By CHRISTOPHER CAREY
ANNAPOLIS (Sept. 18, 2008)—Renovations at the Maryland State House, which started in April, are running almost $1.6 million over the original budget, due in part to the discovery of old wiring during demolition.
The additional costs come at a time when Maryland faces a potential budget shortfall of up to $1 billion in the next fiscal year.
The renovations, administered by the Maryland Department of General Services, are now expected to cost the state almost $10 million and are meant to upgrade the interior piping that control the heating and cooling systems in the State House. The original contract was for just under $8.4 million.
Work is scheduled to be completed by January, when the state legislature meets for the 2009 session.
"A project of this magnitude comes with unexpected problems," said Shaun Adamec, a spokesman for Gov. Martin O'Malley.
In addition to paying for the removal of unforeseen wiring, a recent $1.2 million change in the contract covers the construction of a women's restroom and other work.
"There may not be a lot of 'wow' factor," said Timothy Case, the Department of General Services chief of construction. "A total renovation is not what we undertook here. It's an airstrike for heating and air conditioning."
Case said that the renovations are currently "65 to 70 percent complete."
One of the few major changes from the renovations is the removal of the wall between the Calvert and Silver Rooms to recreate the Old House of Delegates Chamber.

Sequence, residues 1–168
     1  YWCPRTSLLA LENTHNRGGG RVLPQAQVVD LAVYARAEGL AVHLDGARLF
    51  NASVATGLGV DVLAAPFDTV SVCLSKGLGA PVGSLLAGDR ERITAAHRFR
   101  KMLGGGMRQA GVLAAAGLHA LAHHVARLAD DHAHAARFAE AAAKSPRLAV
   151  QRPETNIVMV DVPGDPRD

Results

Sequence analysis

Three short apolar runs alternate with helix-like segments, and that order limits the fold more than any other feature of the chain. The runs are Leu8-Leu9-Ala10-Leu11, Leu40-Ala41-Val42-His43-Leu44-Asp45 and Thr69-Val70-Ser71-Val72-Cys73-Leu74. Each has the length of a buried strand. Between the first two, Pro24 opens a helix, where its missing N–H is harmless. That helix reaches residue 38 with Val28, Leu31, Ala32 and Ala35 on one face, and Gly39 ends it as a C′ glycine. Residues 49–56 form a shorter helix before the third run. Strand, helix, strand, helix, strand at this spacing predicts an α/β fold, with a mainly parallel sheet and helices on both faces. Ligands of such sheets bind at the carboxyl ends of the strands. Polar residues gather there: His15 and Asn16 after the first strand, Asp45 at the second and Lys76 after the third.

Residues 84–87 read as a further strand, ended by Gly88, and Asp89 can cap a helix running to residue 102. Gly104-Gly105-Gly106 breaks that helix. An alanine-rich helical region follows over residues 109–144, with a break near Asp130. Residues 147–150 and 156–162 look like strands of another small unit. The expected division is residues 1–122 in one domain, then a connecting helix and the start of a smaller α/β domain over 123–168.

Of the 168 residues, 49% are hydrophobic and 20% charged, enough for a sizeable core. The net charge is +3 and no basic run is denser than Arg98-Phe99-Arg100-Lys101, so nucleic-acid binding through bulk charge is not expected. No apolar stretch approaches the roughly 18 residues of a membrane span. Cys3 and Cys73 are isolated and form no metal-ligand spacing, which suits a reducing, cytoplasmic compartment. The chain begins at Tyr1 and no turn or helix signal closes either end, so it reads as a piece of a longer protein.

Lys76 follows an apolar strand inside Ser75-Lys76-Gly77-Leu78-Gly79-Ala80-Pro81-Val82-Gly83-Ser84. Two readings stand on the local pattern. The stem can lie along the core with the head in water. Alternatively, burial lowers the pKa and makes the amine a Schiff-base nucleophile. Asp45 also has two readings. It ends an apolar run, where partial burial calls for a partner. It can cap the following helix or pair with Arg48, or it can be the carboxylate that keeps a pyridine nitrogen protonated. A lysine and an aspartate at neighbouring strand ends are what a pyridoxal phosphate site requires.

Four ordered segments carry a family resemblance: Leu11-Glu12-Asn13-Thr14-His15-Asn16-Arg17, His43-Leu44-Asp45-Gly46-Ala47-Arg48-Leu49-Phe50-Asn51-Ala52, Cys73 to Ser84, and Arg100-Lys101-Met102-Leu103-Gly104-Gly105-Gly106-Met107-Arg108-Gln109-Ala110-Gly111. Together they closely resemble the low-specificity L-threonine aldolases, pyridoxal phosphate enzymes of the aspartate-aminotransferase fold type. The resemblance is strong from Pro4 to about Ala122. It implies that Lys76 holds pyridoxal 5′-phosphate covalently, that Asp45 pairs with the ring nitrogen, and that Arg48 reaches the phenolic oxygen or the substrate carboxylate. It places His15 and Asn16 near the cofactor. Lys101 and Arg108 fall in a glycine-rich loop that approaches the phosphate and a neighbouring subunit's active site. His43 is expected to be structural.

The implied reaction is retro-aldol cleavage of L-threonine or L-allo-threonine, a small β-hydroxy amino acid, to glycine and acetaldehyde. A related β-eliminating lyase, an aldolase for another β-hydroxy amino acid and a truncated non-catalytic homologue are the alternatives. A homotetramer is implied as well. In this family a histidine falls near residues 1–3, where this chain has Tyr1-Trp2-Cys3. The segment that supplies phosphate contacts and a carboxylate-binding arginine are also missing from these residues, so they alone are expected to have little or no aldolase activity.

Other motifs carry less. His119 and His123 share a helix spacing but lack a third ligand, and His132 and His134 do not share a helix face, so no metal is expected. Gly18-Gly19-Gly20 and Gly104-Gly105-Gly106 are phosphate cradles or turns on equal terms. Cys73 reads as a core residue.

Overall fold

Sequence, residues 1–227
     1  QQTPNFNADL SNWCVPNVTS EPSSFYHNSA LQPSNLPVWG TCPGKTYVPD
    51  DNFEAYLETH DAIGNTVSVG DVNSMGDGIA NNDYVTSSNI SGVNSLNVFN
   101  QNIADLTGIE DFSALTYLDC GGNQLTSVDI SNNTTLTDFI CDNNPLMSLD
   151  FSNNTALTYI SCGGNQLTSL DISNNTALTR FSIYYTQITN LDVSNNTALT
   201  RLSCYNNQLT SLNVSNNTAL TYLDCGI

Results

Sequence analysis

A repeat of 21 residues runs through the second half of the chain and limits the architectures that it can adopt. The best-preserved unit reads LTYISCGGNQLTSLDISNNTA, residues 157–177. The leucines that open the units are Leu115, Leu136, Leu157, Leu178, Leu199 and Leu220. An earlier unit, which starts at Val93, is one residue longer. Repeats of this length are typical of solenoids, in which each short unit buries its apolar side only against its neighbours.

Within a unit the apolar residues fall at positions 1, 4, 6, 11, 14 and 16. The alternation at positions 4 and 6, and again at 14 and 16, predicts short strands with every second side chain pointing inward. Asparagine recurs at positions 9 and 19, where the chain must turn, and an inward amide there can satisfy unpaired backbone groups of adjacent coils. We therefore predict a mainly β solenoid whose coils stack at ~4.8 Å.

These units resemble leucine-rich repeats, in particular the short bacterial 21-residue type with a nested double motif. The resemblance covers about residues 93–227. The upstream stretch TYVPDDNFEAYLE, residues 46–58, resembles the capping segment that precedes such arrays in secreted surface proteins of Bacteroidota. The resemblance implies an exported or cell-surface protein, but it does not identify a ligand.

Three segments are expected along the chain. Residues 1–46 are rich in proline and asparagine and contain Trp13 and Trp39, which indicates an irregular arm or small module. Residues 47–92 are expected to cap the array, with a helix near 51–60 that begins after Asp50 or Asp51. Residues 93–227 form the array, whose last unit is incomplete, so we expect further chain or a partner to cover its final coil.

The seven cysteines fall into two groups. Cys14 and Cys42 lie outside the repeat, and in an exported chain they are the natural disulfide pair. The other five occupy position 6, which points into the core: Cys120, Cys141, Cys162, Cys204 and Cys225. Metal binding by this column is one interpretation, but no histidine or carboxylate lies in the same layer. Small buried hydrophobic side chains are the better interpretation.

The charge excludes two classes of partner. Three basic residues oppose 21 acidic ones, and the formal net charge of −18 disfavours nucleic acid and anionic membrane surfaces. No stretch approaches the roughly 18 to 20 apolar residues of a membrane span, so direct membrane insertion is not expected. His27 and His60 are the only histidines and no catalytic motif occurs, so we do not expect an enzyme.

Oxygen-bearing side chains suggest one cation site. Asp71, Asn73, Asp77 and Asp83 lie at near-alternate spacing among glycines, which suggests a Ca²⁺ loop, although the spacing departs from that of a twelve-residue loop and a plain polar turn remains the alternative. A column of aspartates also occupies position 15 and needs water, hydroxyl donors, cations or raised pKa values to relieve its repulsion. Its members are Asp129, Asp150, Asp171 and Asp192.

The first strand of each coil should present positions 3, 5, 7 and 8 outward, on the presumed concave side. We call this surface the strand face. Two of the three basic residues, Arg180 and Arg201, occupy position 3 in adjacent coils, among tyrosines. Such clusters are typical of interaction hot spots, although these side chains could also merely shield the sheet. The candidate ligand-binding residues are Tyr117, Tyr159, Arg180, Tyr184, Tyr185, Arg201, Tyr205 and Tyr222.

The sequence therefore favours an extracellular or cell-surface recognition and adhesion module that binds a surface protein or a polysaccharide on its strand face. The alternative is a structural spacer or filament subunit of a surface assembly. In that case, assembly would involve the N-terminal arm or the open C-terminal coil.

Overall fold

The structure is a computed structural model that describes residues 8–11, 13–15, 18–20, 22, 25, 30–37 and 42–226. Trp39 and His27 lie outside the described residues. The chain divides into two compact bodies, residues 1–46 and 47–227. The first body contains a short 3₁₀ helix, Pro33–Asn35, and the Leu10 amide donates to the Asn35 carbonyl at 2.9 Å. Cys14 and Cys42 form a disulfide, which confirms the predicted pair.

"The only really visible improvement will be the removal of the wall," said O'Malley, in an interview in Silver Spring last week. "Most of it is just wiring and pipes."
The renovations to the 18th century building have also allowed for work to be done on returning the State House interior to its original design.
"What we are doing, while we have the opportunity, is restore some of the historical integrity to the space, which we've wanted to do for years," said Elaine Bachmann, a curator for the Maryland State Archives.
Shutters from an 1876 renovation, for example, that had been painted over or nailed shut in the Governor's Reception Room, will be "completely restored," Bachmann said, during a media tour of the building Wednesday.
Adamec said the demolition phase of the renovations is now finished, and that the bulk of extra funding went toward solving unforeseen problems. With demolition complete, there should not be any further issues that would require an addition to the project's budget.
"There were a number of renovation projects [in the State House], dating back to the 1800s," said Adamec, explaining how wiring from past renovations had accumulated over the years. "[Construction workers] were literally pulling out wads of dead wires from the wall."
Comptroller Peter Franchot's spokesman, Joseph Shapiro, said that any additional requests for money for the project would be "reviewed on its merits."
The offices of Senate President Thomas V. Mike Miller and House Speaker Michael E. Busch had not received any information regarding a possible completion date, only noting that they are supposed to be moved back into their offices in the building before the 2009 legislative session begins.
Adamec said the builders are "on schedule in terms of the expected move-in date."
Capital News Service contributed to this report.